Jump to content


Photo
- - - - -

Aquatica D100 Housing


  • Please log in to reply
51 replies to this topic

#1 Kasey

Kasey

    Great Hammerhead

  • Member
  • PipPipPipPip
  • 709 posts
  • Location:USVI

Posted 19 March 2003 - 02:33 PM

Both my D100 and Aquatica housing delivered today. I haven't had the opportunity to put either though its paces, but I'm charging my batteries right now.

Holding the D100 for the 1st time, I was impressed by the physical design of the camera. A truly beautiful tool. Its body doesn't have the heft of the E-20 I've been shooting,though, and feels a bit plasticy.

The Aquatica housing is way cool. Rigging the base and handles, I was impressed by their substance - not the flimsy Titan handles I've been whining about. Nice surface finish as well, but I'm not sure how well it will hold up - I've always preferred polished housings.

Mating surfaces seem solid - nice bayonet mounts for the ports. Very nice overall size and weight.

Mounting of the camera is the easiest Ive ever seen - even for the 1st time. Screw in the tripod mount and everything else just lines up.

Brilliant simplicity! More in the next few days...
Seacam F100;D2x; 60mm;105mm;16mm;17-35; 10.5mm;12-24mm
Sea & Sea strobes
www.underthecaribbean.com

#2 james

james

    The Engineer

  • Super Mod
  • 9968 posts
  • Location:Houston TX

Posted 19 March 2003 - 05:18 PM

Woohoo! Welcome to the "year of the digital slr" Kasey! We're all looking forward to seeing some shots.

Sincerely,
James Wiseman
Canon 1DsMkIII - Seacam Housing
Dual Ikelite Strobes
Photo site - www.reefpix.org

#3 Kasey

Kasey

    Great Hammerhead

  • Member
  • PipPipPipPip
  • 709 posts
  • Location:USVI

Posted 22 March 2003 - 03:33 AM

First dive was last night - I loved it. The focus ability of this D100 blows away my E-20. The camera is FAR less succesptible to blowouts - so I really didn't miss the ROC system. Battery life seems to be at least 10X as long as my E-20 with 1800MA nimh. I hate to say it, but James was right.

The camera is FAST. I don't know how it compares in this regard to the S2 or Canon, but I was able to shoot shoot shoot and only had to wait for the buffer once in 2 dives.

I shot wide angle in the late evening, and was impressed at how the camera handled the dark blue water - very little noise. The following shot was taken with the 16mm Nikon lens.

One downside - The raw images processed through Adobe's PS plugin seemed exceptionally soft - I thought all my shots were out of focus! I have to re-adjust to depth of field issues - my E-20 got nearly infinite depth at F5.6.

One other cool thing is that iphoto downloads thumbnails from the camera so I can review my pics before converting from raw - do all cameras embed a small jpeg in the raw. I never tried this with my E-20, but I don't think it would work.

Any Bids on an E-20/Titan?!?
Seacam F100;D2x; 60mm;105mm;16mm;17-35; 10.5mm;12-24mm
Sea & Sea strobes
www.underthecaribbean.com

#4 davephdv

davephdv

    Doc Eyeballs

  • Senior Moderator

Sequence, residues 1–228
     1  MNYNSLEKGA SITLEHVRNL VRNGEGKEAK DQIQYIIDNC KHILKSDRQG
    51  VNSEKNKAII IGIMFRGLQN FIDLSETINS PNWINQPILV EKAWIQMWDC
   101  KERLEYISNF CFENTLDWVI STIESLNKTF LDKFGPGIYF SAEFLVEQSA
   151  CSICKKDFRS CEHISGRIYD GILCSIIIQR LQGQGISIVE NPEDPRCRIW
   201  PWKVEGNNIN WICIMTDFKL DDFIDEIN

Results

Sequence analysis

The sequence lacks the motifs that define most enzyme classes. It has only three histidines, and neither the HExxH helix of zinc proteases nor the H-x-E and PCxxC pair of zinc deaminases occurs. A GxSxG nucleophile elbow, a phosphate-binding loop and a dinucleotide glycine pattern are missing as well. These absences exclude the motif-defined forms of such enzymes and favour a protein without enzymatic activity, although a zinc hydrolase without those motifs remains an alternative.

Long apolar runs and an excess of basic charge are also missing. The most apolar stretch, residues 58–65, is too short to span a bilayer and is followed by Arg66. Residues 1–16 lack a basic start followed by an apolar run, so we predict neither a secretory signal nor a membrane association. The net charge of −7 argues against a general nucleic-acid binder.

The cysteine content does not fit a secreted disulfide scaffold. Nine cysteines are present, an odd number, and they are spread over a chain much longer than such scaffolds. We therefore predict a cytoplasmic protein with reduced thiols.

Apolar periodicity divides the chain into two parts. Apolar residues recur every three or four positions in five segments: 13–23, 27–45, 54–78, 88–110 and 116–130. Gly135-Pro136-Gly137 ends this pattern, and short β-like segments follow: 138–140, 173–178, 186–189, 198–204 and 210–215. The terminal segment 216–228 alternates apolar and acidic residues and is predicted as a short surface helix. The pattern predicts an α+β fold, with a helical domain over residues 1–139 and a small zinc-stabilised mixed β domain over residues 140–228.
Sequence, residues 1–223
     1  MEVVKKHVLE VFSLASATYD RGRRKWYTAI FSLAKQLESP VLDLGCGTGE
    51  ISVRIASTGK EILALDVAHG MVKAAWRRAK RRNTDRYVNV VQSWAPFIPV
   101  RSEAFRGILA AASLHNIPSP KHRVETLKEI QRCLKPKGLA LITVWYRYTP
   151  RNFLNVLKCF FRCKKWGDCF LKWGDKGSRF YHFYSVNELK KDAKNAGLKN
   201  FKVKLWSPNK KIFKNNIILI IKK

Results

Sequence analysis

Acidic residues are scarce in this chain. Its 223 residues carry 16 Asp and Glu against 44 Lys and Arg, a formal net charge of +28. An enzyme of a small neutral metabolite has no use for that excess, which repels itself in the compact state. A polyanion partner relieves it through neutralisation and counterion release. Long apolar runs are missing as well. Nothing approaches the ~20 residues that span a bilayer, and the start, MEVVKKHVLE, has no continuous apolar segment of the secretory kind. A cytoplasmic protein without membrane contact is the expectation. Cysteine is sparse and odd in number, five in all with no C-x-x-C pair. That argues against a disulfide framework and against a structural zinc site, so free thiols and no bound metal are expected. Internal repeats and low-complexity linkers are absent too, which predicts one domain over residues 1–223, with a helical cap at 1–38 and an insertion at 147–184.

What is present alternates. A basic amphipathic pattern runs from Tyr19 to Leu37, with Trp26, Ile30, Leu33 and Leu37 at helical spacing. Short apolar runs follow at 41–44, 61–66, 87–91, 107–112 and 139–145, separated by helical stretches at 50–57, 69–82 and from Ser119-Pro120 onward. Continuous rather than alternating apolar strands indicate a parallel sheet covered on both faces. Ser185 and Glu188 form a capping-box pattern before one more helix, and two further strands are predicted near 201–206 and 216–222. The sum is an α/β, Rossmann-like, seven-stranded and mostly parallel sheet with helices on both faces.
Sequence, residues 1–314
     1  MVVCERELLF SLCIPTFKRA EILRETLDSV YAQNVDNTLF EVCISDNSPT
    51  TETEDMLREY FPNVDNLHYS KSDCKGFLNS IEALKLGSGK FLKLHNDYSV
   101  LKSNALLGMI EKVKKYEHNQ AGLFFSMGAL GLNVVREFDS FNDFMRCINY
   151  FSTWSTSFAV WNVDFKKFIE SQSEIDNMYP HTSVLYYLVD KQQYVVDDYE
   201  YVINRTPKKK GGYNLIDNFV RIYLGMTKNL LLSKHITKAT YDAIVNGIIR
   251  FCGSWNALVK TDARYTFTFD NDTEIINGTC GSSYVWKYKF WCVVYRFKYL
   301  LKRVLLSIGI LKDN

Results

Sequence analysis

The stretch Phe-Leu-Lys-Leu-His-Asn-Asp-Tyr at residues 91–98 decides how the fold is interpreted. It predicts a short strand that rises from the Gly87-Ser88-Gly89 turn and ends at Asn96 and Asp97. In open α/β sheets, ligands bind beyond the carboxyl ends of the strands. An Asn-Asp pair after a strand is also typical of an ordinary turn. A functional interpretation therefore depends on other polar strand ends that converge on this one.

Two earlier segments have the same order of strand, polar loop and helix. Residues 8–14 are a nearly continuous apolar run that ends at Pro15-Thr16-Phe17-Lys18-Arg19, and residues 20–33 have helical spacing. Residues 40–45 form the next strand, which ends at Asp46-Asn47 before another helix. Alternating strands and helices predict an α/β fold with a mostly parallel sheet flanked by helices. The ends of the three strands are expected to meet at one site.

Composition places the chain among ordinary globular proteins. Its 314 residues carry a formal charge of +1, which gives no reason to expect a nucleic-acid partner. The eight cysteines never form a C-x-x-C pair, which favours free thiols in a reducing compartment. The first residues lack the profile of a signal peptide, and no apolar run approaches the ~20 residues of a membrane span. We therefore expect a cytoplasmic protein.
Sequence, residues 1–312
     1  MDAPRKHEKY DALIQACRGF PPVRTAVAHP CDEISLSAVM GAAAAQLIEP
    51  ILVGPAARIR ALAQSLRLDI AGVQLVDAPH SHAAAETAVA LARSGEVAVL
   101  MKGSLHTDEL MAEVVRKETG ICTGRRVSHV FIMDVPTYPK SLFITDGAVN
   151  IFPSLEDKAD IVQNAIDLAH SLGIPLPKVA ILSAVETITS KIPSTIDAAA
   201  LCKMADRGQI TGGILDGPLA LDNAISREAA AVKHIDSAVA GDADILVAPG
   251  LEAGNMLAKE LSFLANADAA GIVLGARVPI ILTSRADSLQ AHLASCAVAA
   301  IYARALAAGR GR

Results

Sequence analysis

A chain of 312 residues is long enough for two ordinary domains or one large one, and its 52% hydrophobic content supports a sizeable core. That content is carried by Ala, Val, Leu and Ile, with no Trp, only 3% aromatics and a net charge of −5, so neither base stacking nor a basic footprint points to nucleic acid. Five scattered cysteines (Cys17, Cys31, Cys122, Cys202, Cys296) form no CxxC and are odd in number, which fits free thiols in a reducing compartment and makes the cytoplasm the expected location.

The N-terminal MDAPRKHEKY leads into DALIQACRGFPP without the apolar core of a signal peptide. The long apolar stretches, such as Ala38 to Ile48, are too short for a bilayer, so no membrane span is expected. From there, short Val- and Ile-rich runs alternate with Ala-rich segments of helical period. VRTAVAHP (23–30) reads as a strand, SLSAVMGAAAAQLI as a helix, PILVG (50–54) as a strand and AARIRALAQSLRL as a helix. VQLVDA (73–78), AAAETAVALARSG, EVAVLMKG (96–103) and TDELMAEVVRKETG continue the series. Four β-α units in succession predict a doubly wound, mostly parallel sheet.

• 2275 posts
  • Gender:Male
  • Location:Goleta CA

Posted 22 March 2003 - 02:17 PM

What lens and diameter dome port? Have you tried the 60 mm lens yet? I could have made all the same comments on how much better the D100 is than the 5000. As far as the autofocus I don't notice any difference with it compared to the F100 I use to shoot with. I know there is some but practically speaking I don't see it. As far as the battery; I once left mine in so long that I forgot you had to recharge it.
Dave Burroughs, Nikon D300, D2X, Subal housing, DS160 strobes

Life is a beach and then you dive.

My Website


#5 Kasey

Kasey

    Great Hammerhead

  • Member
  • PipPipPipPip
  • 709 posts
  • Location:USVI

Posted 22 March 2003 - 03:16 PM

This was shot using the 16mm fisheye and 8" dome port. The 60mm is backordered for a few more weeks. I did try the 105 last night but set the lens up incorrectly so I really can't comment - only that the lens is a bit too telephoto for my taste. 60mm should be just right.
Seacam F100;D2x; 60mm;105mm;16mm;17-35; 10.5mm;12-24mm
Sea & Sea strobes
www.underthecaribbean.com

#6 Kasey

Kasey

    Great Hammerhead

  • Member
  • PipPipPipPip
  • 709 posts
  • Location:USVI

Posted 23 March 2003 - 04:47 PM

I love this camera! I know James - you've been trying to tell me...
Seacam F100;D2x; 60mm;105mm;16mm;17-35; 10.5mm;12-24mm
Sea & Sea strobes
www.underthecaribbean.com

#7 james

james

    The Engineer

  • Super Mod
  • 9968 posts
  • Location:Houston TX

Posted 23 March 2003 - 06:43 PM

Hi Kasey,

No need to thank me, I mean it. I'm glad you like your new setup!

Cheers
James
Canon 1DsMkIII - Seacam Housing
Dual Ikelite Strobes
Photo site - www.reefpix.org

#8 davephdv

davephdv

    Doc Eyeballs

  • Senior Moderator
  • 2275 posts
  • Gender:Male
  • Location:Goleta CA

Posted 23 March 2003 - 08:01 PM

Kasey, your going to love the 60 mm lens.
Dave Burroughs, Nikon D300, D2X, Subal housing, DS160 strobes

Life is a beach and then you dive.

My Website


#9 Kasey

Kasey

    Great Hammerhead

  • Member
  • PipPipPipPip
  • 709 posts
  • Location:USVI

Posted 25 March 2003 - 02:52 AM

Please check out my printing issues with files from the new camera. I posted in the post-processing forum. Thanks for any help you can provide.
Seacam F100;D2x; 60mm;105mm;16mm;17-35; 10.5mm;12-24mm
Sea & Sea strobes